Improving reading comprehension in Primary schools, using both class teaching and a group intervention to boost inferential understanding
DateThu, 28th April, 2016
Time9:30 am - 3:30 pm
LocationLionwood Junior School, Norwich
Tony is the leading National Trainer for ‘Inference Training –improving reading comprehension in Primary and Secondary schools’, based on the work of Nicola Yuill, Jane Oakhill & Kate Cain.
Around 10-15 % of pupils in Primary schools who decode adequately seem to experience problems understanding and enjoying the texts they read. Often this is because pupils read in a passive way and neglect to use higher order strategies such as inference. Weak comprehension has a significant and detrimental impact on attainment in all subjects.
This course will cover the common barriers to understanding text that some readers experience and will explain quick ways to gain insights into what comprehension strategies pupils are using and ignoring.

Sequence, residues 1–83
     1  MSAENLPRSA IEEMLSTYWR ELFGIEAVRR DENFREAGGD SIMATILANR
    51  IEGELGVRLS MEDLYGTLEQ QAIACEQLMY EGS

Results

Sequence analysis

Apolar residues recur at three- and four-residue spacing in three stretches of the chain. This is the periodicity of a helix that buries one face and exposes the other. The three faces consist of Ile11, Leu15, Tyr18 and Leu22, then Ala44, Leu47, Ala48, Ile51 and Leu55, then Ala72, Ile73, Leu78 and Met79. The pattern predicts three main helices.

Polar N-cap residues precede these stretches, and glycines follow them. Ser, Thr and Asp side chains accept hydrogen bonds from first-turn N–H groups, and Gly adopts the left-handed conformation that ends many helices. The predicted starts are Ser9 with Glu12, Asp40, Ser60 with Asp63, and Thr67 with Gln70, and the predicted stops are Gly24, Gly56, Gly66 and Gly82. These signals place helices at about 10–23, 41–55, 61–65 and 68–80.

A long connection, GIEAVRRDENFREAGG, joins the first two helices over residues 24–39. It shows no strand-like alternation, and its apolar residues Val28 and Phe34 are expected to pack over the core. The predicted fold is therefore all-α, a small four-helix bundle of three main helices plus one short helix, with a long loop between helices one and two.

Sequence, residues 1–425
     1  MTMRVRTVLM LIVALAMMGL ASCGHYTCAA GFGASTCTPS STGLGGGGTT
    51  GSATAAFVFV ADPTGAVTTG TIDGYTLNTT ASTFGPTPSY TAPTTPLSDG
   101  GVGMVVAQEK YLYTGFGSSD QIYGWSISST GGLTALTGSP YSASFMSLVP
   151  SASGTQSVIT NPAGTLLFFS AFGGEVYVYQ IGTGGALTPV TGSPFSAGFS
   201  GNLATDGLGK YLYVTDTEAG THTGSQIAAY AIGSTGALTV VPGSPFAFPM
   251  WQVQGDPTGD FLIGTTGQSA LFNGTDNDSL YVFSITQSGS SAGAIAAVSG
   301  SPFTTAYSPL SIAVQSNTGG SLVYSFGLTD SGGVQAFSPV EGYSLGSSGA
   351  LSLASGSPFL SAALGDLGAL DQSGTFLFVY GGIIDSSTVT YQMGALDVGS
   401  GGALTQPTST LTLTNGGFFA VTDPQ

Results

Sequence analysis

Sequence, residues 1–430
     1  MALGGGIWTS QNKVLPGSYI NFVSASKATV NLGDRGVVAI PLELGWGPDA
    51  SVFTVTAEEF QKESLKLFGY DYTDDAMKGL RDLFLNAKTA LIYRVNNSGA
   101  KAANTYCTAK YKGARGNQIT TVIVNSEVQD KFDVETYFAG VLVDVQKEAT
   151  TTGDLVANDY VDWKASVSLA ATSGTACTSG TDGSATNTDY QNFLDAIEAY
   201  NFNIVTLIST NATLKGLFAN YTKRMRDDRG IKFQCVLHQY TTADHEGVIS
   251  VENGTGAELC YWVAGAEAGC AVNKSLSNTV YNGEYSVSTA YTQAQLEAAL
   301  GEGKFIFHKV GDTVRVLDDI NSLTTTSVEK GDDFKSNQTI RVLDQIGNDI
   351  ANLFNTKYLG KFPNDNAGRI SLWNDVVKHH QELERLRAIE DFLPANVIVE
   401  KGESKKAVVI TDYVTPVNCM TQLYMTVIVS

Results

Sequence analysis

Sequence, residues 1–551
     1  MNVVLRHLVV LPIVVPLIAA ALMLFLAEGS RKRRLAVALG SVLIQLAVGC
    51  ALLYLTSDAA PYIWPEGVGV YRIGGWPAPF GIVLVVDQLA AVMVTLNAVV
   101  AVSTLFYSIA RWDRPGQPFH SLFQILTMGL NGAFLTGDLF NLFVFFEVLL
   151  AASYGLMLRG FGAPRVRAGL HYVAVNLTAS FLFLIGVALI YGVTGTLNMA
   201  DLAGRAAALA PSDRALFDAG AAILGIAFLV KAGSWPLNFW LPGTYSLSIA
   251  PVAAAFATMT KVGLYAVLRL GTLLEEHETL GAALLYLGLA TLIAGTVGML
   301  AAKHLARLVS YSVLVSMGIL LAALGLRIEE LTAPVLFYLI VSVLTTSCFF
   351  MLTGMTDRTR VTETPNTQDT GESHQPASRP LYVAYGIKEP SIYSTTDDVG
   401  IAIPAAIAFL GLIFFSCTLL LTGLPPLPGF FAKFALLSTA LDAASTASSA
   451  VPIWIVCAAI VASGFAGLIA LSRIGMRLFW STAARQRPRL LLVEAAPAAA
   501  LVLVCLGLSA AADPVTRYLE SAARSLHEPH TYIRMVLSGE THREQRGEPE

It provides five key approaches to improving comprehension in classrooms and suggestions of how to embed these across KS1/2.
The course also includes some specific approaches to help pupils be prepared and confident with the end of KS2 reading assessment.
£160 for 1 place, £300 for 2 places
Course name:Improving reading comprehension in Primary schools, using both class teaching and a group intervention to boost inferential understanding
Date:Thu, 28th April, 2016
Time:9:30 am - 3:30 pm
Location:Lionwood Junior School, Norwich
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Bookings are closed for this event.
Tony Whatmuff worked as a class teacher and Deputy Head in schools in Merseyside, London and Leicester for 20 years. For the last 10 years he has been involved in school improvement and teacher training.
Tony is the National Trainer for Inference Training –improving reading comprehension in Primary and Secondary schools, based on the work of Nicola Yuill, Jane Oakhill and Kate Cain. There are 75 accredited inference trainers across the country and Tony works with the Institute of Education to coordinate training and support.
Inference training was highly praised in Professor Brooks’ 2013 publications What works for children and young people with literacy difficulties? Inference training is also one of the seven “Closing the Gap” interventions currently being evaluated in a national study funded by the Education Endowment Fund and organised by the National College.